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June 6, 2013
Features : Fawad and the uneasy burden of expectations
News : CA offers marketing contracts to Ahmed, Sandhu
News : Parliament gives Ahmed Ashes hope
Players/Officials: Fawad Ahmed
Series/Tournaments: Australia A tour of England, Ireland and Scotland | Australia tour of England and Scotland
The legspinner Fawad Ahmed appears likely to join Australia's Ashes campaign after being rushed into the Australia A squad for the remainder of its tour of England and Ireland. On Wednesday night, legislation was passed by the parliament's House of Representatives which cleared the way for Ahmed's Australian citizenship to be fast-tracked and although the bill must still be approved by the Senate, that appears to be a formality.
That should mean Ahmed can obtain an Australian passport well in advance of the first Ashes Test, which starts at Trent Bridge on July 10. The Australia A matches against Ireland from June 14 to 17 and Gloucestershire from June 21 to 23 now loom as a genuine Ashes audition for Ahmed, who will join the incumbent Test spinner Nathan Lyon and the promising young left-armer Ashton Agar as the slow bowlers in the Australia A outfit.
"It is a dream come true, after a long struggle and being through a really tough time," Ahmed said in Melbourne on Thursday. "I am very happy now and it is a great opportunity for me to prove myself at that level ... It's an opportunity for me to give something to this country because this nation has given me a lot. They loved me, give me an honour and give me respect. This is now the time that I can give back to them and serve my nation."
The selectors had originally planned to send Ahmed on the Australia A tour of South Africa in July but that was when they thought he would be ineligible for a national call-up until the final Ashes Test. The expected passing of the parliamentary bill, which eases the residency requirements for certain individuals in exceptional circumstances where their becoming a citizen could benefit Australia, has encouraged the selectors to give Ahmed some time in England ahead of the Ashes.
Under the ICC's player eligibility criteria, Ahmed would be unavailable for Australian selection until August 18 unless granted a passport before then. The criteria do not apply to A-teams. When Australia's selectors named their Ashes squad in April they chose 16 players and left one further space unfilled, which at the time was seen as an indication that Ahmed would come under consideration if he became eligible.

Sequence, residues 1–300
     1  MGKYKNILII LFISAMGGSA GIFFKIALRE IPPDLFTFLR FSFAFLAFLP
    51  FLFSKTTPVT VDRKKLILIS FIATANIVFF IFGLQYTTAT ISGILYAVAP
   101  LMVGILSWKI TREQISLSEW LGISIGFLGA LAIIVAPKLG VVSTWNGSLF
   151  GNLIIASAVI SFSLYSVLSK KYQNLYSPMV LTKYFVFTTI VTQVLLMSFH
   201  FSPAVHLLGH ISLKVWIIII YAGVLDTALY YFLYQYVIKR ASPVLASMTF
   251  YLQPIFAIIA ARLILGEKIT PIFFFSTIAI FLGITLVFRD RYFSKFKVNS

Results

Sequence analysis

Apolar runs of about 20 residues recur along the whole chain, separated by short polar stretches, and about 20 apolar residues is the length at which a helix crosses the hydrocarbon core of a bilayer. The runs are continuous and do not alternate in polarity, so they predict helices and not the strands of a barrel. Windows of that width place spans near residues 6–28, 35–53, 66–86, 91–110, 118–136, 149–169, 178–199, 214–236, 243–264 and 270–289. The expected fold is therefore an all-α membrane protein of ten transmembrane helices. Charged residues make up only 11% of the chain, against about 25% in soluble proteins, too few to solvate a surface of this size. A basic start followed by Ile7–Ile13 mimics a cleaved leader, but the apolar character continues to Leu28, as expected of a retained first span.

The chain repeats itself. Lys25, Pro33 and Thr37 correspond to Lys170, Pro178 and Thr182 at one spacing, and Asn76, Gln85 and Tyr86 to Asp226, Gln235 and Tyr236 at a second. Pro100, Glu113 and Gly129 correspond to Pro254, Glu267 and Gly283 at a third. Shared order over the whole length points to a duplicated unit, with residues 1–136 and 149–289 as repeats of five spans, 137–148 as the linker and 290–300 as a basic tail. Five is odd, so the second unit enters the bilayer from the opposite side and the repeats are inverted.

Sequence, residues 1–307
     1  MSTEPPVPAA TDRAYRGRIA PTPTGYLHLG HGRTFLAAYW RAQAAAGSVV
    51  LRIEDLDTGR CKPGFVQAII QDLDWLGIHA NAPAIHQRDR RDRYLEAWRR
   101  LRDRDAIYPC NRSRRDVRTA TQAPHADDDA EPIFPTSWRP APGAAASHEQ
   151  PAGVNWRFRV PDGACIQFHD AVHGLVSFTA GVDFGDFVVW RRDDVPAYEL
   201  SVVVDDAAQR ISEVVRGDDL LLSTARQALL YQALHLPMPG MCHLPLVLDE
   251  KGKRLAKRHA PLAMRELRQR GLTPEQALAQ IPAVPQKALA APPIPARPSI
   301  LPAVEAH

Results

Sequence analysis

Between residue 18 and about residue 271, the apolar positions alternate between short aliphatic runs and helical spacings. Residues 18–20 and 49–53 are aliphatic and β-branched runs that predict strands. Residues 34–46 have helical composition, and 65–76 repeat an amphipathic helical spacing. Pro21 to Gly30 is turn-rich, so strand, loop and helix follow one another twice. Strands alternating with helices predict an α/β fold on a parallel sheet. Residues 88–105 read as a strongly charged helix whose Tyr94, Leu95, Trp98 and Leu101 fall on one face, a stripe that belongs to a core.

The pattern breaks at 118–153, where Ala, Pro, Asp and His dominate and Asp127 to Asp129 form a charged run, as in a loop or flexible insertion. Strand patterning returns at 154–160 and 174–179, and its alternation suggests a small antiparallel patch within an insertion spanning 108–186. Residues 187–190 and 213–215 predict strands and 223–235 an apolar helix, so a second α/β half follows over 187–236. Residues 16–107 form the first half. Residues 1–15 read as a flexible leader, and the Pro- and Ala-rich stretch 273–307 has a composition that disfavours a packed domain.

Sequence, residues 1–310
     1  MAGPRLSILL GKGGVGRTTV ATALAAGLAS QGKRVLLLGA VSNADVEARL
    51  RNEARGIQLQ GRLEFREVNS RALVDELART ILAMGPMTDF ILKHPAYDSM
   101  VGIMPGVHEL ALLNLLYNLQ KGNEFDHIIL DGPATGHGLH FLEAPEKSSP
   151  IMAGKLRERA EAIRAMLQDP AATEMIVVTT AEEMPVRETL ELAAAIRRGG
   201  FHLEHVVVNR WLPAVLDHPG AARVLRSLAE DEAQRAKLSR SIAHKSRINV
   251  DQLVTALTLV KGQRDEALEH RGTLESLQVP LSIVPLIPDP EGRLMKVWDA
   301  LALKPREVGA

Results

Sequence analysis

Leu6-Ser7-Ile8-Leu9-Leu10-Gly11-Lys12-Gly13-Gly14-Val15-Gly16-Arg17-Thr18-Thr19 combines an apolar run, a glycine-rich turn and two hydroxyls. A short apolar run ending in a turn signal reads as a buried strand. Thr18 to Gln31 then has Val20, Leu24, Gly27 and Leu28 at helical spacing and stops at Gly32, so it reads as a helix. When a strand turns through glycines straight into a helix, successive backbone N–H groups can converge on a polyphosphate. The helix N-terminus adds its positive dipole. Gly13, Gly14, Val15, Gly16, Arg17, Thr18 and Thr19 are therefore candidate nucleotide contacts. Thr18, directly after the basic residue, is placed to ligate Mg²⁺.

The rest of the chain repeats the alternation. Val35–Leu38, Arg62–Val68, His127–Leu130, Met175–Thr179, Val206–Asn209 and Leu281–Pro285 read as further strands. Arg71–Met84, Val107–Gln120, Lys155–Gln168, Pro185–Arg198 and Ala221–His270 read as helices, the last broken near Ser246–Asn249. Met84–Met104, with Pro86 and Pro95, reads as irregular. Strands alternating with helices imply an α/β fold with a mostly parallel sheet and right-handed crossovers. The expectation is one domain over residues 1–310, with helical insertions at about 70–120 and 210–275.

"We are pleased to be able to provide emerging cricketers with an opportunity to show their abilities," John Inverarity, the national selector, said. "Fawad is a spin bowler of interest and we look forward to seeing how he performs for Australia A."
Ahmed, 31, played ten first-class matches in Pakistan before fleeing to Australia in 2010 as an asylum seeker, saying his life had been threatened in Pakistan. Initially his claim was rejected but after Cricket Australia weighed in to support him, Ahmed was granted permanent residency last year and subsequently made his Melbourne Renegades debut in the Big Bash League and earned a call-up to the Victoria state side in February.
"It's just like a dream with open eyes, because I never expected something like this to happen after three and a half years," Ahmed said of progressing to Australia A selection. "There was a question on my life [in Pakistan], there were people raising their fingers on my life, so I was just surviving. I just came here for a better life, and I was just thinking to survive here and be like other people who came here as immigrants. This is something amazing, it is like a dream. Even I couldn't imagine this. This is something unbelievable for me."
In three Sheffield Shield matches towards the end of the summer, Ahmed collected 16 wickets at 28.37 and impressed his state captain Cameron White so much that White declared Ahmed "one of the better legspinners - if not the best - I've seen in first-class cricket outside [Stuart] MacGill and [Shane] Warne."
Brydon Coverdale is an assistant editor at ESPNcricinfo. He tweets hereFeeds: Brydon Coverdale
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Shorter tours don't allow you time to get into form, and domestic cricket isn't demanding enough